Three simultaneous beliefs inspired me to start this initiative of providing ideas and advice to make sustainable living more accessible and engaging for people.
1. Small actions go a long way. No act is too minor to make a difference in waste control, primarily because doing nothing is worse. But also, the power of inspiration will encourage an idea's growth.
2. Therefore, one measure can grow into many. It might seem like one is making little difference when doing it alone. But your actions will inspire others to follow until it obtains critical mass and the idea and movement have become accepted and replicated.
3. All waste can be resourced. Indeed, no waste cannot be resourced. Further, we should challenge the approach that most waste can be destroyed in landfills, incinerators, or even biogas (the least bad option, but still not ideal): there is no "away" in throw away.
My mindset's evolution took time and many phases. For example, I cooked so infrequently for years that I could put all my food waste in a Ziplock bag in the freezer and bring it to the community compost bins once a month. But that small act created the sustained habit as my kitchen activity - and food scraps - grew. Likewise, the mindset of ensuring waste be transformed into a resource has slowly permeated most aspects of my life: clothing, transportation, toys for my children, etc.
I observe friends and contacts implementing few sustainable practices in their daily lives. When appropriate, I share what I do in the kitchen, with unwearable clothing, recycling, etc. However, I now feel a greater sense of urgency to share my daily routine with a broader audience. I want to inspire others to take simple steps and not be intimidated by what seems insurmountable. Doing nothing is not an option, but the aggregation of many small things transforms into something significant. And sometimes, that is all we can do. But we should also flip the paradigm and realize that all we do will make a difference. With every step, we contribute to the virtuous loops which produce virtuous results. Will you be a snowflake and join me on the branch? Scroll down to begin or continue your sustainable journey—you're one of us now, snowflake 😉.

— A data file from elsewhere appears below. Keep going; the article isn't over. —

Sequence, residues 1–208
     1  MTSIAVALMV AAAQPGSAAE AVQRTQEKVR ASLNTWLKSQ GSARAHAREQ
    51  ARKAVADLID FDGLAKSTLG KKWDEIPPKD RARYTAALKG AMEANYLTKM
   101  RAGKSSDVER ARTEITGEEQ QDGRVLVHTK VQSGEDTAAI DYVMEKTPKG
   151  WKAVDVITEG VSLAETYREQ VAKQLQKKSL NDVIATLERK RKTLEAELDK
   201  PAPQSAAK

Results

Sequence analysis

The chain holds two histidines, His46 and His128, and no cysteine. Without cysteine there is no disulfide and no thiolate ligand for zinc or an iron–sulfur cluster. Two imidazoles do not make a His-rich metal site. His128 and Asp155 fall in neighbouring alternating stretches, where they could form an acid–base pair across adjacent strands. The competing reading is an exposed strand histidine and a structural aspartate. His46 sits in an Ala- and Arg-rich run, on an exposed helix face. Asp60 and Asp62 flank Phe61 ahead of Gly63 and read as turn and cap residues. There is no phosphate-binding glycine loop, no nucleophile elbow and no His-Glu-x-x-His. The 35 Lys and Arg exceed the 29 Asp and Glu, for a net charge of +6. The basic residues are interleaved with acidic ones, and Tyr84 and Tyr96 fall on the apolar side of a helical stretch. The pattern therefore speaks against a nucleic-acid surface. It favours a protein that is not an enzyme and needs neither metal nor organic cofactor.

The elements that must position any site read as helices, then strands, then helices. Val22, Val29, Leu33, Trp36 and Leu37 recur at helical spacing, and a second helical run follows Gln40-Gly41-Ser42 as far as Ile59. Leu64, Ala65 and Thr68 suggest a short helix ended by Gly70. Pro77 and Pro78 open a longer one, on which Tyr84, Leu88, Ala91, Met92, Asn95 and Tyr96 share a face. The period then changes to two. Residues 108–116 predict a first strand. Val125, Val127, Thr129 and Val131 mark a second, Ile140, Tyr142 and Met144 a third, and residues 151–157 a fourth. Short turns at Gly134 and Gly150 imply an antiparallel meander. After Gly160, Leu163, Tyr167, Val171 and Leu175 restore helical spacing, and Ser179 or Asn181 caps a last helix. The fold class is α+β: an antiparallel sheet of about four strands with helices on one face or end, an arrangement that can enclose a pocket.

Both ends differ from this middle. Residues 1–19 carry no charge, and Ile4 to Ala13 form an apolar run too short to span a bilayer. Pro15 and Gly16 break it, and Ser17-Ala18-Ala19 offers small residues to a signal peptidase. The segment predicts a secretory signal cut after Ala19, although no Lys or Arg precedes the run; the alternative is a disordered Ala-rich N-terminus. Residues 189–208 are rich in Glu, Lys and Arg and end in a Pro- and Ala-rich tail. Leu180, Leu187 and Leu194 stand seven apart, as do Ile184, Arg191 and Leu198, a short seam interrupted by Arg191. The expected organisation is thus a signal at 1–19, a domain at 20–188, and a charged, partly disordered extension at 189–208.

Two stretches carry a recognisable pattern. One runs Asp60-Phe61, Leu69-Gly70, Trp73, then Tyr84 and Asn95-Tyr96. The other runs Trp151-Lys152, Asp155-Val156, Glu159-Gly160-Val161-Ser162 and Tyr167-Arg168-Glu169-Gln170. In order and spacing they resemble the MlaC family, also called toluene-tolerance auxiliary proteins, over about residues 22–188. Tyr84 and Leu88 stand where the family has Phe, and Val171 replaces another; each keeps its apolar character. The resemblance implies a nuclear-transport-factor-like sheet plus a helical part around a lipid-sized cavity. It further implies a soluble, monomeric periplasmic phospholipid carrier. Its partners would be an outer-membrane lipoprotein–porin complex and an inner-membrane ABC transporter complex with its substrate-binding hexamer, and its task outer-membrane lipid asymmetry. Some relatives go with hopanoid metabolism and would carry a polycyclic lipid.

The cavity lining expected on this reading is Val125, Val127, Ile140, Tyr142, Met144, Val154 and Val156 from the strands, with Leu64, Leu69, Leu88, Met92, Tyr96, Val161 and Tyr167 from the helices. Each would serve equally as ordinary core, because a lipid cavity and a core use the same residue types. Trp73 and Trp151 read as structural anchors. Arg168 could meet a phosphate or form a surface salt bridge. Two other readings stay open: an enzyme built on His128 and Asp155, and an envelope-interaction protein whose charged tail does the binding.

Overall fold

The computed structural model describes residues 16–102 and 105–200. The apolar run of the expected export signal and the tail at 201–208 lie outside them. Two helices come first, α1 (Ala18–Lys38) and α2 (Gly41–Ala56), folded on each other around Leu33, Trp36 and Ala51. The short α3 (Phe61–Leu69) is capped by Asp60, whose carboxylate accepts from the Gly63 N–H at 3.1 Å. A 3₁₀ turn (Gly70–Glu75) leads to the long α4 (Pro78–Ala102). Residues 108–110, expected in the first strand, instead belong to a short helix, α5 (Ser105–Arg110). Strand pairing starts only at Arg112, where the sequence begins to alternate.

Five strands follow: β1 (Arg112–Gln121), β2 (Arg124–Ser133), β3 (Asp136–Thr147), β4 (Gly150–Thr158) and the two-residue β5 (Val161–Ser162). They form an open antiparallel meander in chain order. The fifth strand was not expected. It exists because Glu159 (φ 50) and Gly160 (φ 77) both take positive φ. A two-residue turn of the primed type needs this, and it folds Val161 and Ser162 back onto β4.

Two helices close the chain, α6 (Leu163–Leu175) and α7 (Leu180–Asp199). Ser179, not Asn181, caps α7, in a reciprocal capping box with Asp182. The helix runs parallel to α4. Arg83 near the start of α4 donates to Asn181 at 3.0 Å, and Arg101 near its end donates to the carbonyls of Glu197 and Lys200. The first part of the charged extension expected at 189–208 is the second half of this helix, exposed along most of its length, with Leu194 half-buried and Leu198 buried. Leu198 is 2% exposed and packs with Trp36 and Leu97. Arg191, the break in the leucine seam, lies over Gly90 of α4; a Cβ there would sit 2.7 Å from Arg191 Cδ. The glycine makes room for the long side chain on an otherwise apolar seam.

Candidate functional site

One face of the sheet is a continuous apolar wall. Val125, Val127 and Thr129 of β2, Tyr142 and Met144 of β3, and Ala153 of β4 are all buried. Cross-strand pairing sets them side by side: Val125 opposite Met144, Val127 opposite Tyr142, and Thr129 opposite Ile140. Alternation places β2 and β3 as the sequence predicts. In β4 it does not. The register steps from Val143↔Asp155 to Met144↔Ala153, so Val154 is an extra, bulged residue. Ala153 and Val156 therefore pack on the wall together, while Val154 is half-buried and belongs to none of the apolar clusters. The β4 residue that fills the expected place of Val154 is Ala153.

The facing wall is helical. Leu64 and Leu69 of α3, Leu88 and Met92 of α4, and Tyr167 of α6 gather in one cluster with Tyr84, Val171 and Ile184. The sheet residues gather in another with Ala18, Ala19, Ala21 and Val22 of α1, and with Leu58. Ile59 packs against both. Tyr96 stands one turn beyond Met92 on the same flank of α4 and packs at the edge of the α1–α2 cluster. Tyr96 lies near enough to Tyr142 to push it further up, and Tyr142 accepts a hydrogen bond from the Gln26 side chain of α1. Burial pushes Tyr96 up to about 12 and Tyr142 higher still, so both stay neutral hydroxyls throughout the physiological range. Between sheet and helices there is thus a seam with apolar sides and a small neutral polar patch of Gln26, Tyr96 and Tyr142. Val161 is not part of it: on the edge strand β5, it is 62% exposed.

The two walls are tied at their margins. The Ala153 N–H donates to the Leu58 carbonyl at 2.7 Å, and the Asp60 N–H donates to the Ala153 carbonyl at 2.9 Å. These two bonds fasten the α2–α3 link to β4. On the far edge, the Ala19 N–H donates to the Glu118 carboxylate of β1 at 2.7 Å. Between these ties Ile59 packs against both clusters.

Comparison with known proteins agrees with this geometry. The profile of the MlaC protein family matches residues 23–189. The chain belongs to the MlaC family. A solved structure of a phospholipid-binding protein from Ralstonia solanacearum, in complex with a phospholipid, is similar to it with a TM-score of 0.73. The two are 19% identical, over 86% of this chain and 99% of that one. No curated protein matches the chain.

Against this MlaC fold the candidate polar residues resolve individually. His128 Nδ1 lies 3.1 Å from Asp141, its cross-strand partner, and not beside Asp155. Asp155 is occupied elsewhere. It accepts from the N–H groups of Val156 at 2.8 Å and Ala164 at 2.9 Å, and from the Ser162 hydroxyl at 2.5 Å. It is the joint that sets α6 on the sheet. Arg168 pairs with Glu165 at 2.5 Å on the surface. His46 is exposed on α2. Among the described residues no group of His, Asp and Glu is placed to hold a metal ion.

I started my career as a Naval Officer, in which the first half, I was a pilot, and for the second half, an international affairs officer (technically, a Foreign Affairs Officer). I only became involved with the “ag world” after my military career, while volunteering at a local farm. After six months of working the land, I never looked back: I transitioned to an urban farm, became a beekeeper, and obtained my Masters in Urban Agriculture. I now work as the COO for Loop Closing, a small business that recycles commercial food waste in composting machines placed where dumpsters currently stand.
I am married to a Dutchie conservationist who works for World Wildlife Fund (you know, the one with the panda), and we have two rambunctious sons for whom I do every little thing to make this world a better place.